HD.1228 / SD.94: An Act to Prevent the Imposition of Mandatory Minimum
Sentences Based on Juvenile Adjudications (Rep. Liz Miranda, Sen. Will Brownsberger). This bill would prohibit the use
of juvenile cases as predicate offenses that trigger later mandatory minimum
sentences. Youth of color and LGBT youth
are disproportionately involved in the juvenile justice system and are
therefore especially vulnerable to disproportionate penalties as adults.
Allow Judges to Use Discretion in Responding to Probation
SD.1727 / SD.254: An Act Relative to Probation Violations (Sen. Cynthia Creem, Sen. Will
Brownsberger). A judge may suspend a criminal sentence and allow
a person to serve a term of probation.
An anomaly in the Massachusetts law requires, however, that if probation
is revoked due to any violation of a condition of probation, the judge has no
discretion but to impose the original suspended sentence, even if the new
offense is very minor. This bill would amend the Massachusetts law to, like the current federal
law, provide for judicial discretion when incarceration would not be a just and
warranted response to a probation violation.
Reduce Recidivism by Better Access to Visits and
bills are based on studies showing that visits and phone calls help maintain
family relationships, reduce violence, reduce recidivism, and promote
successful rehabilitation and re-entry.
HD.3011 / SD.2137: An Act to Strengthen Inmate Visitation (Sen. Sonia Chang-Diaz, Rep.
Marjorie Decker). This bill would eliminate
overly broad restrictions on visitation. The present system discourages visitation and
makes it easy to lose connections that are important for good outcomes.
HD.3636 / SD.690: An Act Reducing Recidivism and Promoting Family
Relationships During Incarceration (Rep. Liz Malia, Sen. Harriet Chandler). This bill would require that
jail and prison staff receive training on the importance of visits to those who
are incarcerated and the positive benefits of maintaining family ties. It would also require training on how to
promote safety and encourage positive interactions with families and other
HD.3024 / SD.888 / SD.1741: An Act Relative
to Inmate Telephone Service for Inmates / An Act Relative to Inmate Telephone Calls
/ An Act Relative to Inmate Telephone Rates (Rep. Chynah Tyler, Sen. Will Brownsberger, Sen.
Mark Montigny). All of these bills would reduce the exorbitant
cost of phone calls, which isolates prisoners from their families. SD.888 would provide for free calls.
Regulate the Use of Force
HD.2372 / SD.2050: An Act to Create Uniform Standards in Use of
Force, Increase Transparency, and Reduce Harm (Rep. Mary Keefe, Sen. Michael Barrett). This bill would create uniform
standards for the use of force in all state and county correctional facilities,
including entrance of cell procedures and the use of chemical agents,
restraining chairs, and K-9s. It would
require uniform standards for reporting on the use of force against individuals
who are incarcerated. It would also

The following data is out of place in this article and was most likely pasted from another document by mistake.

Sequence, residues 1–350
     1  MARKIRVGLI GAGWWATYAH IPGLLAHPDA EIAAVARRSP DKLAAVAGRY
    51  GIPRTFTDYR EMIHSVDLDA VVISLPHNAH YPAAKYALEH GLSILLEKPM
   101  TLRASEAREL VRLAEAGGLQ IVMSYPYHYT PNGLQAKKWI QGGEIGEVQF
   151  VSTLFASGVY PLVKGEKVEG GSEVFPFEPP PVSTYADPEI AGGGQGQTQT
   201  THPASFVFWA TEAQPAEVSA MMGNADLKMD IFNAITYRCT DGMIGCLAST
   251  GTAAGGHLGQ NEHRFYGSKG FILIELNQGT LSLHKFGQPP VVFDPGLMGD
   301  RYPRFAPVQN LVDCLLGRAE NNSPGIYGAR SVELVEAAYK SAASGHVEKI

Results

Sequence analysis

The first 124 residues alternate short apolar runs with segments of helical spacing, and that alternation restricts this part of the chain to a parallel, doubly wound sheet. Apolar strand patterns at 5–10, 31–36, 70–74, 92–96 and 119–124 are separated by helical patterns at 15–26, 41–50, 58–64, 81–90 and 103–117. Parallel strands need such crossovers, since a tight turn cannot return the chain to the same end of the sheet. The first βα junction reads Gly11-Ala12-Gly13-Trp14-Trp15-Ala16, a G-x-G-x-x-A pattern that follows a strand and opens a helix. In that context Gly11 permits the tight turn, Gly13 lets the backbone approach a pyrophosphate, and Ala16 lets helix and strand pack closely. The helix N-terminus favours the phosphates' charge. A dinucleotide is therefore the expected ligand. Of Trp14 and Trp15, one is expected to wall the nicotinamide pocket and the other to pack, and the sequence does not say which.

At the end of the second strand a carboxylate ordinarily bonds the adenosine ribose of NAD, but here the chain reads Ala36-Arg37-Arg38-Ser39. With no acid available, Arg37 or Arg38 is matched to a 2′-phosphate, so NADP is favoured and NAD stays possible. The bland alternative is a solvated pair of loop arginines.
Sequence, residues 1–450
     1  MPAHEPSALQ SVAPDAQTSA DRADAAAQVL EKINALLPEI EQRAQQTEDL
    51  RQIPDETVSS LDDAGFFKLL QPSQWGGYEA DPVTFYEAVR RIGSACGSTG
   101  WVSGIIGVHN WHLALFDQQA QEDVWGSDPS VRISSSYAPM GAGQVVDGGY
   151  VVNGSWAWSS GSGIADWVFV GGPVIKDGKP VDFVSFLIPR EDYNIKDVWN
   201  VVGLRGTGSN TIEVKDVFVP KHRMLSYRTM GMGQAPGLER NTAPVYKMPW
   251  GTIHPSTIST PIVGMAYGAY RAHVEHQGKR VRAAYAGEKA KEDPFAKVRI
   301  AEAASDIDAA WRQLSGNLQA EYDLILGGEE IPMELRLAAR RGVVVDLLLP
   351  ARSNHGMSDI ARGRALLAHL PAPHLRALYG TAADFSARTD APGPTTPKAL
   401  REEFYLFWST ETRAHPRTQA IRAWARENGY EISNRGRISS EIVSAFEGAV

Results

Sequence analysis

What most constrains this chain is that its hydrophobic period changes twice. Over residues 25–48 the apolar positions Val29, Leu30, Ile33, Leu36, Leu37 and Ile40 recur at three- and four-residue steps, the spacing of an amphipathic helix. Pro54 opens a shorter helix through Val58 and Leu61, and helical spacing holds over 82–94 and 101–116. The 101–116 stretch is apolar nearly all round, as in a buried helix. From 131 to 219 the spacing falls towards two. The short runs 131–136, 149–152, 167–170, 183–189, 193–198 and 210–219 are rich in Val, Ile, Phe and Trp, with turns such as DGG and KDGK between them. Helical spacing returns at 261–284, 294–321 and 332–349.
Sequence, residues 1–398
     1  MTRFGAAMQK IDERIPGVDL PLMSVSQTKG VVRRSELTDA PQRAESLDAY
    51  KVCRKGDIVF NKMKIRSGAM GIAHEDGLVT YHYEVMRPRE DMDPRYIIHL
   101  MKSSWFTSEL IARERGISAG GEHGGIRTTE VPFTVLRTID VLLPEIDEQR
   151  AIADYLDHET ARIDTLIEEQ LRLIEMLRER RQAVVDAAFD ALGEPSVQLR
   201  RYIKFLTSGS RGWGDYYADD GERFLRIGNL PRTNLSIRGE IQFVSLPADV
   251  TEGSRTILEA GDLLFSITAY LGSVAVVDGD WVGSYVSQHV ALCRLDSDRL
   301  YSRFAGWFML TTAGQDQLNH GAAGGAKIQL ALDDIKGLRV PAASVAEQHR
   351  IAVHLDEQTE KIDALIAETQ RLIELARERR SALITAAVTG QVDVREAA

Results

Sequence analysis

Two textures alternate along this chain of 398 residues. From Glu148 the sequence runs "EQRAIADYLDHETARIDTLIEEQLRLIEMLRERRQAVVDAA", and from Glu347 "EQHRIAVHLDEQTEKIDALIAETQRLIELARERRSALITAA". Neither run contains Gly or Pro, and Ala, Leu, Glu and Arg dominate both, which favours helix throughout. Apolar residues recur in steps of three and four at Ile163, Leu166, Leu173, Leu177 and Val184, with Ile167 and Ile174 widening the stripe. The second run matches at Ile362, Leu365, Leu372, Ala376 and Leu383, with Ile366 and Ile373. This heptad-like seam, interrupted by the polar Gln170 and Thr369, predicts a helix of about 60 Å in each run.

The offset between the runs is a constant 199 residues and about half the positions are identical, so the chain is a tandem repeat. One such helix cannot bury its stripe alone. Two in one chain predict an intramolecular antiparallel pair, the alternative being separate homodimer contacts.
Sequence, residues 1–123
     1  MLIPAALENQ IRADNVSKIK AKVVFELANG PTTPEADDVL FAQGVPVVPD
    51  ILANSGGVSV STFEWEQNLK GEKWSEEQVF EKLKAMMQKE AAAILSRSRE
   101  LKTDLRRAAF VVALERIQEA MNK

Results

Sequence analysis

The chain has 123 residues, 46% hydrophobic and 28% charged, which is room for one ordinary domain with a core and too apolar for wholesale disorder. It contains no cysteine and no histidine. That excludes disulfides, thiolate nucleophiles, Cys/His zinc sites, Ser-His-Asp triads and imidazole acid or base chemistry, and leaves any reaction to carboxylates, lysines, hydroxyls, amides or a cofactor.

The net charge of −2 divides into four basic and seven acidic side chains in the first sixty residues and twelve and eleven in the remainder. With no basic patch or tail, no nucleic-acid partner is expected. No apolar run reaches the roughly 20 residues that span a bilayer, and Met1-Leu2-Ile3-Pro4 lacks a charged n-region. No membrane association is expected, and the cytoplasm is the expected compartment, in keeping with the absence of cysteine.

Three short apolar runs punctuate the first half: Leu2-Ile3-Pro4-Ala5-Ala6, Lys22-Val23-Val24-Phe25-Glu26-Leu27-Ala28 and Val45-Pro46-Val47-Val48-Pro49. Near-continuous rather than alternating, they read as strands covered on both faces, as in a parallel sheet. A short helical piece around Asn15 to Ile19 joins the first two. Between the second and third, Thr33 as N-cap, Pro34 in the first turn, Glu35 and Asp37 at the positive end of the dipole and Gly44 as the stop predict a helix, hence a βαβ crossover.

require all correctional officers to wear a personal audio-video recording
device that is activated during planned entrance of cell procedures, emergency
entrance of cell procedures, and all other uses of force.
Act to Reduce Harm by Creating Baseline Standards for Use of Force by K9’s in
Correctional Facilities (Rep. Tram Nguyen). This bill would create uniform standards
for the use of force by K-9 dogs in state and county correctional facilities.
Increase Access to Parole
bills are based on research showing that people who are released on parole often
have better outcomes than those held until the end of their sentences, and at
lower expense to taxpayers. Studies also
show that many people “age out” of behaviors that endanger public safety.
HD.3620: An Act Establishing Presumptive Parole (Rep.
David Rogers). Currently an individual who is eligible for
parole has to convince the Parole Board that they deserve to receive parole. This bill would shift the burden of proof so
that the state would have to indicate why an individual who is eligible for
parole should not receive it.
/ SD.1860: An Act Relative to Parole
(Rep. Andres Vargas, Sen. Cynthia Creem).
would expand the size of parole board to nine members, to decrease time for
decisions. Currently many people wait
for months after they are eligible for parole to receive a decision about
whether they will be paroled – sometimes until the end of their sentence. This bill would also require at least three
members of the Parole Board to have at least five years of experience in the fields
of psychiatry, psychology, social work, or the treatment of substance use
disorders. Expertise in these clinical
fields would help the Parole Board more accurately evaluate prisoners.
HD.154 / SD.533: An Act to Reduce
Mass Incarceration (Rep. Jay Livingstone, Sen. Joseph Boncore). This bill would eliminate the sentence of life without parole, as well
as all other sentences or combination of sentences that mandate incarceration
for more than 25 years. It would require the possibility of parole,
and the opportunity for a parole hearing, after 25 years. It would not require release, just a
possibility of parole. This change would